While instructors and students of educational and scientific institutions are required to have open minds, the “turban” campaign seeks to introduce prejudice to the universities – prejudice against the equality of men and women, and prejudice against scientific thought. The campaign seeks to do this quite blatantly. Democracy necessitates not that efforts to destroy the atmosphere of scientific research and discussion atmosphere should be presented as a requirement for democracy, but that those hostels, cells or camps where these prejudices are injected into young people should be done away with!
In an atmosphere where symbols are used to thrust prejudices into the eyes of young people, students and instructors who hold differing views are deprived of the opportunity to communicate peacefully, and come under pressure to divide into camps. Those who make clear their beliefs and ideologies are effectively saying, “I came here not to learn something from other people, but to declare and spread the unchangeable truth that I know.”
If the obsession with covering heads is tolerated and rewarded, then every kind of obsession may start to appear at our educational and scientific institutions in the form of clothing, colours, emblems and badges denoting different faiths, sects or orders. Equally, if, during their school years, children and young people are not trained as members of the same nation, but continuously display their differences and fail to communicate, they will be unable to achieve social co-operation and solidarity as adults, and will not contribute to national peace, freedom, independence or international peace.
“When I enter the laboratory, I leave not only my outer wear but also my beliefs outside the door,” said French scholar Claude Bernard. This is the attitude which has enabled humanity to open the doors of scientific method. As for those who declare views and thoughts contrary to their own beliefs to be blasphemous (or hostile to labour, or to the nation) – and who make their stance apparent through their head coverings and clothing – they approach educational and scientific institutions with all the aggression of those who wish to say the last word first, and all the indolence of mind of those who have no curiosity for research. Faced with such students, how can instructors explain their own research observations and critical proposals freely?
The same drawbacks are valid for other public areas. It is evident that a citizen who do not share the same belief or ideology with a security official, a judge, a public prosecutor or lawyer, a health official or a lecturer – and who announces his or her belief or ideology through clothing or other symbols – will not have confidence in them, and the field of public service will be a place of disagreement rather than solidarity. Symbols opposed to the secular state order and women’s rights should also be excluded from the public appearances and politicians of politicians, who represent the nation, and whose behaviour, moreover, sends messages to their own communities and others, at home and abroad. After all, the Republic gave Turkish women equal status as citizens before a number of European countries.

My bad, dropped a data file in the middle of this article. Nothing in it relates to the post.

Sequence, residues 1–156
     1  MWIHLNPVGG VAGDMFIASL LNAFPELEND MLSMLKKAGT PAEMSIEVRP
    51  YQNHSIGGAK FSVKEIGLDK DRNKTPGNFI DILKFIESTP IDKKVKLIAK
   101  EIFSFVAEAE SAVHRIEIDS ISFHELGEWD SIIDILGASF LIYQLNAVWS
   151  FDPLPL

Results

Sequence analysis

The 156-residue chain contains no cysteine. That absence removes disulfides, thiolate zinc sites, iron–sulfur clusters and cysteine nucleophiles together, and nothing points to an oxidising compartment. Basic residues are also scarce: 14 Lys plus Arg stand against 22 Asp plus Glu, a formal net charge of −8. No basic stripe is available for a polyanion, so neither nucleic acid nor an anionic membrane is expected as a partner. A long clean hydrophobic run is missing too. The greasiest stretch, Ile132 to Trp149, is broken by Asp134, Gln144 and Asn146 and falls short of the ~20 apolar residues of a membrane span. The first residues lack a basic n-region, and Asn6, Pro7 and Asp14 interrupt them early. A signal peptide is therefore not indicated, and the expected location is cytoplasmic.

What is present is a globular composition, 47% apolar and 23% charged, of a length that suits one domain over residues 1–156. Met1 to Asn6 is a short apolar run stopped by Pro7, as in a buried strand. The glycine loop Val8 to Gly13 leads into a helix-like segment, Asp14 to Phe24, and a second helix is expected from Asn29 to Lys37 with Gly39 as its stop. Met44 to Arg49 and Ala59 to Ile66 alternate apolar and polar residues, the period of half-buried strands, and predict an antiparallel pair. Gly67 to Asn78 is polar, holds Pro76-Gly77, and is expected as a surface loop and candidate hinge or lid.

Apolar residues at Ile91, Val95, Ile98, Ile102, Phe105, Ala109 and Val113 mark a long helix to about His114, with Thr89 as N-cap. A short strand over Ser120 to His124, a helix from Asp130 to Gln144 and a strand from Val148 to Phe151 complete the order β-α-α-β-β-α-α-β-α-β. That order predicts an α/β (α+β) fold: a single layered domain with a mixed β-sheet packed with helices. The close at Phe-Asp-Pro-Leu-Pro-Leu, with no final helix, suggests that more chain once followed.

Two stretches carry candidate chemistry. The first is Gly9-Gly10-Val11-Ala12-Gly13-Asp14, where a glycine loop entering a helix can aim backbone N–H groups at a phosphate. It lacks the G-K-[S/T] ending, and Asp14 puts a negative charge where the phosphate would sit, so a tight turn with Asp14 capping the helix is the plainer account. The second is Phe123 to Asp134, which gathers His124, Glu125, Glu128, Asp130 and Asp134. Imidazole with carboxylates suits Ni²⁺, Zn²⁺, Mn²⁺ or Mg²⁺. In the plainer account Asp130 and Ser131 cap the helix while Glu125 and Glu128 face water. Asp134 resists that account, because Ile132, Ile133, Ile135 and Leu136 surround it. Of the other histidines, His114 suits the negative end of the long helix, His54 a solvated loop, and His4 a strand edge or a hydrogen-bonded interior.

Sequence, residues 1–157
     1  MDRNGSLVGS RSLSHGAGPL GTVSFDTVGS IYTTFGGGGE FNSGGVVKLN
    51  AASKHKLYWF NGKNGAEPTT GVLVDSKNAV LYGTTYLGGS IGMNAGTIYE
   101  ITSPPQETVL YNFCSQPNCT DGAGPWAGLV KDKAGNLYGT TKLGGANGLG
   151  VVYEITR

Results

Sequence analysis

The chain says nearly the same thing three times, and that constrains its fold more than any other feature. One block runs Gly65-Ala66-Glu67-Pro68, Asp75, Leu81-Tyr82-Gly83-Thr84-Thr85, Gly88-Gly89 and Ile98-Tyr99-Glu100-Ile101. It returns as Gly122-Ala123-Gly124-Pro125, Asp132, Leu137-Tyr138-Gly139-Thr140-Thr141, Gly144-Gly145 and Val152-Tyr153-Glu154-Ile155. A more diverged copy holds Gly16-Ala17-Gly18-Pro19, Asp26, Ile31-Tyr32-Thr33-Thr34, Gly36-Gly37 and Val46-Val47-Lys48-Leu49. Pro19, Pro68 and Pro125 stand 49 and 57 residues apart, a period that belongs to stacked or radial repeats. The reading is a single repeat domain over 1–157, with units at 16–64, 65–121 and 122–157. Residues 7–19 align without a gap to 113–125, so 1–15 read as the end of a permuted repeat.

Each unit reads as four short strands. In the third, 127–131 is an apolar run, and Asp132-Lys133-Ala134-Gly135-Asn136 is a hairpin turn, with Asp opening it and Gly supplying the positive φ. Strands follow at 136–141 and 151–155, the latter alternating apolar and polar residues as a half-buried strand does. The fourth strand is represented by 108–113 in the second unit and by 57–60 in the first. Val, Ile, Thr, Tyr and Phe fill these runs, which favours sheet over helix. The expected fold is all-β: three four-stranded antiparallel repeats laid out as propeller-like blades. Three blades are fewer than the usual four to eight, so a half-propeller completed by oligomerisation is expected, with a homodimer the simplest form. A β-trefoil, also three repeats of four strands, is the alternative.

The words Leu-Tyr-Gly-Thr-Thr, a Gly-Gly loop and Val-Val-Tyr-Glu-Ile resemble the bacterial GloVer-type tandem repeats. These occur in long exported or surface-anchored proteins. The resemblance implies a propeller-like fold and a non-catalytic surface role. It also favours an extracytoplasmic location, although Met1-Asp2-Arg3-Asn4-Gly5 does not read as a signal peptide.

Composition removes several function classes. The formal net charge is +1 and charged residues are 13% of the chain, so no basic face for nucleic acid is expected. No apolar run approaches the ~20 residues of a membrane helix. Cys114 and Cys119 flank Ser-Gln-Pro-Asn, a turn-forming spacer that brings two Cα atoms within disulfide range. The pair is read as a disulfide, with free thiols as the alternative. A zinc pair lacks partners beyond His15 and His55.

The most efficient way to divide young people into camps or shut them up in ghettos is to destroy their opportunities to talk and communicate. Those who qualify people who do not think and act exactly like themselves as harmful and violators of their sacred values, and who make this clear with the symbols they carry, obstruct these communications. “An intolerant person feels under pressure unless he pressurizes those who do not think and believe the way he does! Therefore, tolerance towards intolerance should not reach the level of consenting to be a sheep to the slaughter.” (Atatürk, Yurttaş İçin Medeni Bilgiler – Civil Information for Citizens)
Islam and freedom
Terrorism is regarded as a major threat by the Western world, which regards it as “Islamic”. The way to defeat this phenomenon is not to pursue strategies based on contradictory concepts such as “moderate Islam”. This approach only makes it possible to support anti-democratic and medieval political structures, and facilitates the use of religion for selfish benefits. What is called for instead is a strategy which demonstrates that Islam is not a religion incompatible with the order of freedom and the scientific way of thinking. With respect to the “turban”, this means that:
- a)Islam does not describe woman as an incomplete being, who cannot protect her own innocence, or sexual object.
- b)Islam does not espouse irrational ideas about the magical effects of strands of hair or pieces of cloth.
- c)Islam views woman and man as equal, and sees woman as a human being possessing every right and capability, and able to carry out any profession and participate in every activity, whether in administration, sports or the arts.
Such a strategy will give Muslim people self-confidence in an era marked by science and freedom, and will remove the obstacles on the path towards a real development and modernization process. The recent riots in Western Europe show how important this dimension of the issue is.
The best solution